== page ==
, Volume 7, Issue 2, pp 277-286

Experimental implementation and analysis of a DNA computing readout method based on real-time PCR with TaqMan probes

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Abstract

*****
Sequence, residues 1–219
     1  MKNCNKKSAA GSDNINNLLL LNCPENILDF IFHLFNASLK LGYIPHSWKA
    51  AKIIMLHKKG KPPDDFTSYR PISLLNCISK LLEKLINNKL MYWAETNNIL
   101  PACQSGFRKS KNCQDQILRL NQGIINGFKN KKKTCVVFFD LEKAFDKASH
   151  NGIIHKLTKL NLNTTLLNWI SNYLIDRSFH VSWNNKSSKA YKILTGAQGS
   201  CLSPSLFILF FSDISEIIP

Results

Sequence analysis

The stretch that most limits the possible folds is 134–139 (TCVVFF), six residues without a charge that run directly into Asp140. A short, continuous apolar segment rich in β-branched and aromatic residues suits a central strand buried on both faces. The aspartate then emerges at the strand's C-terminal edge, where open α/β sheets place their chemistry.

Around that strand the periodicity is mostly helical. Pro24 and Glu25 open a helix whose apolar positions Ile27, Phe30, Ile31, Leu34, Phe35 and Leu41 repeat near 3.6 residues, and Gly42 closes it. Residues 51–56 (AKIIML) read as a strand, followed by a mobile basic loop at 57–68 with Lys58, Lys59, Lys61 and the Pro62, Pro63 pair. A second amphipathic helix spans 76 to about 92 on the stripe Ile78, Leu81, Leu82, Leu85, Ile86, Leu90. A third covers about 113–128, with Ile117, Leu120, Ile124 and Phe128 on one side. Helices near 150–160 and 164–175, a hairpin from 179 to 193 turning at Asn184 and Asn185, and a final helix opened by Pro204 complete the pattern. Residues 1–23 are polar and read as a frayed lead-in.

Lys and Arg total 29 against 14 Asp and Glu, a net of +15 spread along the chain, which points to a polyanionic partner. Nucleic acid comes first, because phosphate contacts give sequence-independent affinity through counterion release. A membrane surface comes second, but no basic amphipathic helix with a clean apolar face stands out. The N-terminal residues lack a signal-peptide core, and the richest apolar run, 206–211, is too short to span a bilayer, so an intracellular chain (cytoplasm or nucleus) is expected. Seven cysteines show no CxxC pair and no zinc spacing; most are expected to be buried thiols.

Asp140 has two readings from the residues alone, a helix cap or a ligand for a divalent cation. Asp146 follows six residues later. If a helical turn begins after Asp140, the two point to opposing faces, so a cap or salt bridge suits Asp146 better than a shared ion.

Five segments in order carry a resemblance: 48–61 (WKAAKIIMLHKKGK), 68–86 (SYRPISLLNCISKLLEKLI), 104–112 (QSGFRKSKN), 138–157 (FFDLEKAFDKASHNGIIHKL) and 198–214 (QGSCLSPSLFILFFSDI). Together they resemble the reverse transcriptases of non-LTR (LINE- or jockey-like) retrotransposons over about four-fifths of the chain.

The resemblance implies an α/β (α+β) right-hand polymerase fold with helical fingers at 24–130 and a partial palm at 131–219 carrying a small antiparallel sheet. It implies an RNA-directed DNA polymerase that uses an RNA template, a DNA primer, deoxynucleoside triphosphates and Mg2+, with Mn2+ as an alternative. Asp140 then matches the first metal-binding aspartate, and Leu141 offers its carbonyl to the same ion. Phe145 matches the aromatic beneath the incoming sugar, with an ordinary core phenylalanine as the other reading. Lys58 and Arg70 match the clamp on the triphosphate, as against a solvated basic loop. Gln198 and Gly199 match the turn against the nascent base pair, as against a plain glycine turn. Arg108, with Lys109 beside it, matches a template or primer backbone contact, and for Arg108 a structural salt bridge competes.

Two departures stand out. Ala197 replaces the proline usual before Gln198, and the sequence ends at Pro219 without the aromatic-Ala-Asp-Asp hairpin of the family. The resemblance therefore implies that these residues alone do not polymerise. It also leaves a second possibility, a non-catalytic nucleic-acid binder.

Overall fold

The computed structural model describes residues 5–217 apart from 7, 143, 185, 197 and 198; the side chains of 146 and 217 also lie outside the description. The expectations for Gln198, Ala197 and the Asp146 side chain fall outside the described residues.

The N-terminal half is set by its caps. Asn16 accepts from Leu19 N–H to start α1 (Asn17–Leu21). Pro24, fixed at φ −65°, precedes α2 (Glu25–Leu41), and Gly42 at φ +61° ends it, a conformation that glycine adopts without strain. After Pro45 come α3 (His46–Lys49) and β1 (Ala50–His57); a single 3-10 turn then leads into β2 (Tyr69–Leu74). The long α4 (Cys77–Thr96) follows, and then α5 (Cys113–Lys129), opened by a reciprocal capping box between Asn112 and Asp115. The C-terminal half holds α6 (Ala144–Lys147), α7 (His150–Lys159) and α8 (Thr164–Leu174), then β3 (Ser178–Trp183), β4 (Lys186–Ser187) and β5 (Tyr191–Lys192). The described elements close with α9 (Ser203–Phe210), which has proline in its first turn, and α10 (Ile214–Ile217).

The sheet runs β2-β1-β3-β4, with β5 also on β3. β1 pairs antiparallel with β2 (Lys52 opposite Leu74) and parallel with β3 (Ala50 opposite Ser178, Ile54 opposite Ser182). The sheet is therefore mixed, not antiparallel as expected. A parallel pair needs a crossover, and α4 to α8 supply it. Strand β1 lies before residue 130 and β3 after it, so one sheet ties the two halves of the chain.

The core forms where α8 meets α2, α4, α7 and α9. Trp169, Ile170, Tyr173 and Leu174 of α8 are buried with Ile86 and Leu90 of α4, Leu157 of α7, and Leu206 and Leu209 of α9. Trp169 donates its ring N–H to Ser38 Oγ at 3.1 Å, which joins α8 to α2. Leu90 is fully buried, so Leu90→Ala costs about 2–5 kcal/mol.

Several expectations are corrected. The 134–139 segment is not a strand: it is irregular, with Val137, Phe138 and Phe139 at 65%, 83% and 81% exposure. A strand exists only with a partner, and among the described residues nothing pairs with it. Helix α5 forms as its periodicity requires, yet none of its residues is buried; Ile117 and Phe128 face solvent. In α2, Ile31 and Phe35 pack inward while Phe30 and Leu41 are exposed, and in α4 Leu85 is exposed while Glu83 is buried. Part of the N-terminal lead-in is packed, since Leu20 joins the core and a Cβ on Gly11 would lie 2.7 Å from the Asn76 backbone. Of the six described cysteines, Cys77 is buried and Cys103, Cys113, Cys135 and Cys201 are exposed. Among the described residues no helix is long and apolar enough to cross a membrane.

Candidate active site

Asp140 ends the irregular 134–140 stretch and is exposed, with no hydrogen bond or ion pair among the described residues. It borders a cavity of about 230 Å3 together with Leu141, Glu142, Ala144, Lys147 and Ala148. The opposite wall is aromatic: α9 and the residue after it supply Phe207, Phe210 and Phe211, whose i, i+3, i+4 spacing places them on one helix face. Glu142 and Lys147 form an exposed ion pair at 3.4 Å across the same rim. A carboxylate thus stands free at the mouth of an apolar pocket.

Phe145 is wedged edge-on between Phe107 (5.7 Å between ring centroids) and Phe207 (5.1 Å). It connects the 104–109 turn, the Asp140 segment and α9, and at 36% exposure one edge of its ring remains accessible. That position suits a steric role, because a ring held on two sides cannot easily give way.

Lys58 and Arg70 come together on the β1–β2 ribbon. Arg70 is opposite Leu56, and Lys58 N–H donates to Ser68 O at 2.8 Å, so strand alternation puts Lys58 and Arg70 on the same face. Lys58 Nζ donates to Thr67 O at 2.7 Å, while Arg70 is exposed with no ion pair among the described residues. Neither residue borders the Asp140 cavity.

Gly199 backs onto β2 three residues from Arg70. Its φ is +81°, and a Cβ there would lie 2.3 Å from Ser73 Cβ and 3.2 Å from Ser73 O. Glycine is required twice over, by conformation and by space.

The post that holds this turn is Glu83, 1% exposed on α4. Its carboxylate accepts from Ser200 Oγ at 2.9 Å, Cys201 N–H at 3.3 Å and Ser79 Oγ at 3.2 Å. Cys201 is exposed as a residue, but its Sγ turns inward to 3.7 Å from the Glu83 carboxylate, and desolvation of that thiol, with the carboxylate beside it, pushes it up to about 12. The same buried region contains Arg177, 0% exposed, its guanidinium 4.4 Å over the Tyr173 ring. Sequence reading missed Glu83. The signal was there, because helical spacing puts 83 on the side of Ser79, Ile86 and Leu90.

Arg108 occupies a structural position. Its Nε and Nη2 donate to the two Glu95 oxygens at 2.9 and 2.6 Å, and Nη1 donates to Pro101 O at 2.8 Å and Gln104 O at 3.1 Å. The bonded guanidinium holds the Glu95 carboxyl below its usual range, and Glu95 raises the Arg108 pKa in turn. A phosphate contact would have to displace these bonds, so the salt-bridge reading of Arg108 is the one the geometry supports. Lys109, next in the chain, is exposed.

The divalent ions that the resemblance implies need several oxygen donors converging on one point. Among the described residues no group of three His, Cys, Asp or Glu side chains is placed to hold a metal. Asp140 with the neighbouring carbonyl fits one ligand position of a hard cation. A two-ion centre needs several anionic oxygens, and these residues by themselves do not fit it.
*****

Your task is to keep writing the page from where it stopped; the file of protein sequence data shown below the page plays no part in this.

A new readout approach for the Hamiltonian Path Problem (HPP) in DNA computing based on the real-time polymerase chain reaction (PCR) is experimentally implemented and analyzed. Several types of fluorescent probes and detection mechanisms are currently employed in real-time PCR, including SYBR Green, molecular beacons, and hybridization probes. In this study, real-time amplification performed using the TaqMan probes is adopted, as the TaqMan detection mechanism can be exploited for the design and development of the proposed readout approach. Double-stranded DNA molecules of length 140 base-pairs are selected as the input molecules, which represent the solving path for an HPP instance. These input molecules are prepared via the self-assembly of 20-mer and 30-mer single-stranded DNAs, by parallel overlap assembly. The proposed readout approach consists of two steps: real-time amplification in vitro using TaqMan-based real-time PCR, followed by information processing in silico to assess the results of real-time amplification, which in turn, enables extraction of the Hamiltonian path. The performance of the proposed approach is compared with that of conventional graduated PCR. Experimental results establish the superior performance of the proposed approach, relative to graduated PCR, in terms of implementation time.